Breast Cancer in Men: Risk Factors and More
By Helen Pass, MD, Director of Breast Surgery and Co-Director, Breast Center
Why is a breast blog highlighting Men’s Health Month? Because men have breast tissue, too! Men and their physicians don't think to do a breast self-check or examination since the lifetime risk of getting breast cancer in a male is about 1 in 1,000 compared to 1 in 8 for women. However, men with a significant family history of breast and/or ovarian cancer should be more vigilant and consider testing for a BRCA gene mutation. This is especially true if:
- Any of the relatives developed breast cancer before the age of 50
- Any of the relatives had breast cancer in both breasts
- Any relative had ovarian cancer
- More than 3 relatives with breast cancer at any age were on the same side of the family
People of Ashkenazi heritage also have a higher likelihood of having a BRCA mutation when combined with a family history of breast or ovarian cancer. Finally, men who have prostate cancer and a family history of breast cancer should also think about genetic counseling and/or testing. In addition to a significant family history, risk factors for male breast cancer include:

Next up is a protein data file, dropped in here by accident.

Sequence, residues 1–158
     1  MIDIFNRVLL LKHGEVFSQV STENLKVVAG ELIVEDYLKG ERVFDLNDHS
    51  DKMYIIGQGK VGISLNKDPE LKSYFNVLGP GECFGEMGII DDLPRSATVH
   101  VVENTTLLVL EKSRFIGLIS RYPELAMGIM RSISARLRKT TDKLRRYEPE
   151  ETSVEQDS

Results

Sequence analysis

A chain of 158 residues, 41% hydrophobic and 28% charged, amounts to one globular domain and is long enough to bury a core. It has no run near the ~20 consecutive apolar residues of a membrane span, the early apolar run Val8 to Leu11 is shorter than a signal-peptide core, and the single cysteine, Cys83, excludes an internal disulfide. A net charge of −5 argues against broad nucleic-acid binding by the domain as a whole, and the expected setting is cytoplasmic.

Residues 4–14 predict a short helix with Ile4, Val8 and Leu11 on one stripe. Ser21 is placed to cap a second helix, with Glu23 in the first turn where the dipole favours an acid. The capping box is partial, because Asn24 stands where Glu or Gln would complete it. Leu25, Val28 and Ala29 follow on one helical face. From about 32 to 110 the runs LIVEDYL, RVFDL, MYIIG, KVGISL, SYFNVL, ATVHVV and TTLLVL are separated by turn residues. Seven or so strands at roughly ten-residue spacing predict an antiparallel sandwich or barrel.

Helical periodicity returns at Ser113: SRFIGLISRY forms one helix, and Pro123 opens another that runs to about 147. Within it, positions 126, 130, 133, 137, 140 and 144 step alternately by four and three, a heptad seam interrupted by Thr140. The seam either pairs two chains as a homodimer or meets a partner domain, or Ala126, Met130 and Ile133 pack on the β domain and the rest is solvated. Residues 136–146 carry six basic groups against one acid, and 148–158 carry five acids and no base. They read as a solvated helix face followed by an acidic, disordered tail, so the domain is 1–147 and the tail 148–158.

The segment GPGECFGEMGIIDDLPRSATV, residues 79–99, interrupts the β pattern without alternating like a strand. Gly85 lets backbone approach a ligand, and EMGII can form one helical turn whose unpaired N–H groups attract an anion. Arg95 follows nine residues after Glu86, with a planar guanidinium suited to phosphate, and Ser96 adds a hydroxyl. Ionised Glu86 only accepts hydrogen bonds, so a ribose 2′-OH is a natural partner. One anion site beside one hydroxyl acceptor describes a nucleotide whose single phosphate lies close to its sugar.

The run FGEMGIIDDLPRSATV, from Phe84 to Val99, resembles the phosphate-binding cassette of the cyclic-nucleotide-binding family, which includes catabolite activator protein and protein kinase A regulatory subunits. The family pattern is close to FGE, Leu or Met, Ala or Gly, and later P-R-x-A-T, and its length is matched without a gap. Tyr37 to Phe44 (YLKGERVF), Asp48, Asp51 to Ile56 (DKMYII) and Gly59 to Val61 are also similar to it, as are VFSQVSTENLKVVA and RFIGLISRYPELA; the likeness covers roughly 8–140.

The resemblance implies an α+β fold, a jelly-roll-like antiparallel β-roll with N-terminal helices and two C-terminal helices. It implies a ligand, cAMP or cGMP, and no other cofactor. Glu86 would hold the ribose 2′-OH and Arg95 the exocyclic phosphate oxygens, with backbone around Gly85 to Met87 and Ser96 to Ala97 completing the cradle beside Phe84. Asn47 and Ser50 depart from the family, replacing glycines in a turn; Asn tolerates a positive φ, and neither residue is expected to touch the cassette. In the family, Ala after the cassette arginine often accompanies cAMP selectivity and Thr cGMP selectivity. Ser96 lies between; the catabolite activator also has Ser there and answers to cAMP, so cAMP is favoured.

- Previous radiation to the chest area which had been used to treat another cancer
- Estrogen treatment
- To a lesser extent, obesity and heavy alcohol intake
Breast cancer presents similarly in men and women. Men also develop a lump or swelling in their breast, a nipple that turns inward, drainage from the nipple whether it's bloody or not, and redness or scaling of the nipple. It is important that men don’t hesitate to seek medical care since reasons other than cancer can cause these findings.
So this Men’s Health Month, I encourage you to take a few seconds and make certain that you or a loved one does not have any of the findings mentioned above. If you do, please seek care… it may save yours or your loved one’s life. Visit our Breast Center to learn more.